Kizuna AI plays games, cooks, and even answers her viewers’ questions. She sings, too, moonlighting as a pop star with millions of views on her music video. Kizuna AI is like any other influencer on YouTube, except she’s not real. She’s a virtual influencer.
But it’s not strictly accurate to say she’s a standalone, completely digital entity born from the chaos of the internet. Kizuna AI is voiced by a human actress and produced by a character designer, 3D modeler, and an anonymous team.
She’s made. And since Kizuna AI’s debut and subsequent ascendancy, others have followed in her footsteps—be that a virtual avatar for streaming as a career, hobby, or way of socializing. VTubers is short for Virtual YouTubers, but encompasses Twitch streamers who use a virtual avatar as well. Everybody can be Kizuna AI now, and there’s countless ways of doing so. If you’re looking for where to begin, many existing VTubers recommend starting from a basic and almost-free (or as low-cost as possible) way.
Kyrie is a relatively new VTuber. We met through the Final Fantasy XIV scene, after I interviewed her for another article on a community-made, in-game aquarium with every displayable fish. (It’s called the Eorzean Aquarium. Check it out, FFXIV players.) She’s practical and matter-of-fact, and—having just gone through the ropes of setting up an avatar—generous in advice.
Kyrie started streaming in January 2022, and began her VTuber journey after having to buy a work-from-home setup. “I figured I might as well do something fun with it.” Kyrie says. “I have some history in content creation. I’ve been involved in college radio, podcasts, and shoutcasting after that, as well as cosplay. But this was the first time that I became the central personality.” It also helps that Kyrie has a massive Steam library, and streaming provides an excuse to dive into her backlog. Two birds, one stone.
With the help of an artist friend, Kyrie created her 3D character model, Kyrie Overdrive, through the free software called VRoid. Kyrie’s character is based on her Final Fantasy XIV character, and Saga made the initial character model draft as a birthday gift for Kyrie. The two then spent around three months refining it together, diving into Booth.pm and testing different character assets. Booth.pm, Kyrie notes, is a very useful site that allows her to get clothes and swap outfits frequently. A Live2D model—software that can animate a 2D model—on the other hand, would require an artist to draw an outfit every time Kyrie wants a wardrobe change.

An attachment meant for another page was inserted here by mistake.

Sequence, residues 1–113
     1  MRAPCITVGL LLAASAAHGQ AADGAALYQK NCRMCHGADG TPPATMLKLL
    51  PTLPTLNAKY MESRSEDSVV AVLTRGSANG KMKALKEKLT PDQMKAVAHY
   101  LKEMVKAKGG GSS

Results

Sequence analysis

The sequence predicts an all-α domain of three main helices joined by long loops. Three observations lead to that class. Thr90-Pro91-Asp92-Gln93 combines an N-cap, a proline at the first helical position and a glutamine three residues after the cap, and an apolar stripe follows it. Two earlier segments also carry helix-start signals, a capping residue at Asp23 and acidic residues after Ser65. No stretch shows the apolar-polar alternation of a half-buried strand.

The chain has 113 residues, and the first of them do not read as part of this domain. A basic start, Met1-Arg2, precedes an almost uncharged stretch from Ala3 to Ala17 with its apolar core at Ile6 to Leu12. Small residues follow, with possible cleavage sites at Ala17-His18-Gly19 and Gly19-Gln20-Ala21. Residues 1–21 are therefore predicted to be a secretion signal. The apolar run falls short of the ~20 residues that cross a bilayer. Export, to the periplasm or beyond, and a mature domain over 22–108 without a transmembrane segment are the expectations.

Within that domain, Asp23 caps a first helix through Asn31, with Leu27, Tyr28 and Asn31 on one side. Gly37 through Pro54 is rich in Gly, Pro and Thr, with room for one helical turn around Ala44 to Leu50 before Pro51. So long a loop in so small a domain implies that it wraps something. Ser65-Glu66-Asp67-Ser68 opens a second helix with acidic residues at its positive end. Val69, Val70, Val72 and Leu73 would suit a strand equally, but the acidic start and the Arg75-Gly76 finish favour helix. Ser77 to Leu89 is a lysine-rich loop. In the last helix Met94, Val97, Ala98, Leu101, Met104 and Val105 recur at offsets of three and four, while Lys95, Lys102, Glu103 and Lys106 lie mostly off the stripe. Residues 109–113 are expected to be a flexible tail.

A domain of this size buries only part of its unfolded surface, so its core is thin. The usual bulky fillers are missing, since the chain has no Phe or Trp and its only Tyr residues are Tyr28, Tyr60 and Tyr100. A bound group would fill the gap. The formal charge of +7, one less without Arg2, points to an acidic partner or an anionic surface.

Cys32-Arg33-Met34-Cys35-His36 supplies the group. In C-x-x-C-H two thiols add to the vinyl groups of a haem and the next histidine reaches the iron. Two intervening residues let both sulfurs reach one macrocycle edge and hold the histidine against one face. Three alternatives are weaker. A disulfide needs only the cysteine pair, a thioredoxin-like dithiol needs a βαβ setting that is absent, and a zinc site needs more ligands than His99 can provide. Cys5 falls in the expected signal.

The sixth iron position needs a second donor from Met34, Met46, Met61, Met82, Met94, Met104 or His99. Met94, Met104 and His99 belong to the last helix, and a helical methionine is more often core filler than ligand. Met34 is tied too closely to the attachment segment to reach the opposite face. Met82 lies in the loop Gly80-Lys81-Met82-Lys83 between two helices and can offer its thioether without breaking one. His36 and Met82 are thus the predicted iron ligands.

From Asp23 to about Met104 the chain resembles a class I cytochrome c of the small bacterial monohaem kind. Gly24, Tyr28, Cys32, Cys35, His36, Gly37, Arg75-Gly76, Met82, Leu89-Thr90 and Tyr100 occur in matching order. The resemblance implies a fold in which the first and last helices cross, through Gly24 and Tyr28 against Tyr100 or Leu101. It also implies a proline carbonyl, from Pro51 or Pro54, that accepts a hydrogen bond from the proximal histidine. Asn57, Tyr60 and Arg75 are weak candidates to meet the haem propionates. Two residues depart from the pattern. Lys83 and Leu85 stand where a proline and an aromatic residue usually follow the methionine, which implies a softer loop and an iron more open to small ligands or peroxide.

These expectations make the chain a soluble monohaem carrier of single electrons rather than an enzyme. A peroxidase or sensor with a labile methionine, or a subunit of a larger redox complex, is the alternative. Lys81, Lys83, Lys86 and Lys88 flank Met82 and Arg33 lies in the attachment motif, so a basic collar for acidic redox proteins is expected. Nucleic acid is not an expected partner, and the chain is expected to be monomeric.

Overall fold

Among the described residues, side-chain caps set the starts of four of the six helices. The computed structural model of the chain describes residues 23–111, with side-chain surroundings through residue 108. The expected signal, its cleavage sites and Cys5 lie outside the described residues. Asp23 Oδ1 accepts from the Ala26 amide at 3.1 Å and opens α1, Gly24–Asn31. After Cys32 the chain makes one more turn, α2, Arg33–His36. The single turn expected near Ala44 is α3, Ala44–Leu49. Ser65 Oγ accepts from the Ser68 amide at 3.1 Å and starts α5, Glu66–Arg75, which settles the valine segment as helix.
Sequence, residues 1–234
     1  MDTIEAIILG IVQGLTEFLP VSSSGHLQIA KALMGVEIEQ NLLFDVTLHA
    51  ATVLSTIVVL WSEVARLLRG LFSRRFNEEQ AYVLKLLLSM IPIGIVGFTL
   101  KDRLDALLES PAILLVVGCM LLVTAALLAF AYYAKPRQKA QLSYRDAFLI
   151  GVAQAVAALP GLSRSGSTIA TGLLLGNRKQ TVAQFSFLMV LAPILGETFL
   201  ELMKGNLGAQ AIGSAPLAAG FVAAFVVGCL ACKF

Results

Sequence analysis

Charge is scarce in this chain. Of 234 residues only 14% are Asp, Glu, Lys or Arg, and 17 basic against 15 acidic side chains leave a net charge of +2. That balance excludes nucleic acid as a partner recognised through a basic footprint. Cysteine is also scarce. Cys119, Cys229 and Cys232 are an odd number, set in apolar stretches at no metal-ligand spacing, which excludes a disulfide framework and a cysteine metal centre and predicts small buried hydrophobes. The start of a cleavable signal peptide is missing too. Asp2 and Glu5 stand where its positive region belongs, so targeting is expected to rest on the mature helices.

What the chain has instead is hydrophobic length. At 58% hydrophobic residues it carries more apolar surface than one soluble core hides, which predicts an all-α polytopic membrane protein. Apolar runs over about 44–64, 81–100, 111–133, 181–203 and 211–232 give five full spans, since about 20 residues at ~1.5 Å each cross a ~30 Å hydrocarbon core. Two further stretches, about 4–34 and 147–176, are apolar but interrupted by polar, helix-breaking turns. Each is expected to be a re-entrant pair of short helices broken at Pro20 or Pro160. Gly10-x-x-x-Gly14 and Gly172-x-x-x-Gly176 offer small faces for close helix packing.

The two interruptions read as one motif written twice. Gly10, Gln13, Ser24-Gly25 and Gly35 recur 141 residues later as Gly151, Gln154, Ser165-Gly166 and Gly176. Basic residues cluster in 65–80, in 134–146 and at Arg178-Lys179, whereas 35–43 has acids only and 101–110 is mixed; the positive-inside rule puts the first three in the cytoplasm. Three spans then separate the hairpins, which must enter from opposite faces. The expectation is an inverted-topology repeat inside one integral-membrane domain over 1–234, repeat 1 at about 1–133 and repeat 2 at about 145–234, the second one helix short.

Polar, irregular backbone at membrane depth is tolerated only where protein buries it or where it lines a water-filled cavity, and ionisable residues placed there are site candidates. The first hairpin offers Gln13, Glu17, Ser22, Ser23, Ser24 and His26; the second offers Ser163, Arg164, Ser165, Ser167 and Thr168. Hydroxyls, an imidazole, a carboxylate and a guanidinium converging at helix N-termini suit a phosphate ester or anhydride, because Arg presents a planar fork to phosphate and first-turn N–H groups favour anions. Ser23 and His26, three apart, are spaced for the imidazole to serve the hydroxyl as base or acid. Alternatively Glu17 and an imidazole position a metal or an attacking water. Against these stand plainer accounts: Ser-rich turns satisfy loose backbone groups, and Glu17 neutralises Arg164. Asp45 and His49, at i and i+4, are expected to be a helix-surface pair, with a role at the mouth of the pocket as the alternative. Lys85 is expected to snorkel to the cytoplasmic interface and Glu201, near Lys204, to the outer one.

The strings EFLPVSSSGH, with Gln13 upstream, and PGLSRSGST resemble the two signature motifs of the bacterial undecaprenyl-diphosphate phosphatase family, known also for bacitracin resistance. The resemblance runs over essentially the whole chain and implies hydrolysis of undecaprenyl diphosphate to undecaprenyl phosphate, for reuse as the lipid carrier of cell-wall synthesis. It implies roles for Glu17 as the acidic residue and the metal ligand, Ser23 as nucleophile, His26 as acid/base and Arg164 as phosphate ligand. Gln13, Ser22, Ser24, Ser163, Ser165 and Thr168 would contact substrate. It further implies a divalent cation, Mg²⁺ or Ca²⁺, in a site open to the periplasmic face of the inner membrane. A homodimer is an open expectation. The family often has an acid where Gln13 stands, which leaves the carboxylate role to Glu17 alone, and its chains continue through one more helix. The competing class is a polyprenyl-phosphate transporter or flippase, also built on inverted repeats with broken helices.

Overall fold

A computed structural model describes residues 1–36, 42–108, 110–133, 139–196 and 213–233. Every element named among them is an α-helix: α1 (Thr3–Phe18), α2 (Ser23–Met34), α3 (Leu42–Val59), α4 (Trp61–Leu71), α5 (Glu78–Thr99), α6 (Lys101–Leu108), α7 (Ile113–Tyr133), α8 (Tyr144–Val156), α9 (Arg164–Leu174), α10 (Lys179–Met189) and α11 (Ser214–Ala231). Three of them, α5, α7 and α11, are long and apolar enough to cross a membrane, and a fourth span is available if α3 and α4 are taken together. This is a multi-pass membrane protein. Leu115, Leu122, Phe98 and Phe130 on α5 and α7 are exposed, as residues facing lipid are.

What You Need to Get Started
VRoid is the software that Fofamit, a long-time VTuber who started streaming even before the term VTuber existed, recommends for beginners as well. Fofamit runs an informative YouTube channel on everything virtual streaming, and she initially got into the scene because of the virtual space’s potential. “If I wanted to spend time exploring New York on one stream I could. If I wanted to have a chill time with a stream in a comfy space I could,” Fofamit says. “If I wanted to make it so there could be live interaction with an audience, it could all be possible.”
Her first model was a generic one bought off of Booth.pm for $50. Booth.pm, in addition to character assets, comes with ready-made models whom anyone can buy and use. It’s a fairly affordable and easy option for beginners. Of course, the tradeoff is that your model won’t be unique, and other users who purchased the model can also stream with it. Like Fofamit, however, you can edit the model through Blender, a 3D modeling software.
But a more DIY setup doesn’t mean you can’t have fun with your streaming identity. Jams, a person who works at itemLabel by day and streams as a VTuber by night, created Jams—an extraterrestrial lifeform loose on Earth. Jams has a lore video, which dives into his character’s mission to learn more about humankind via Twitch.
Image and article originally from www.wired.com. Read the original article here.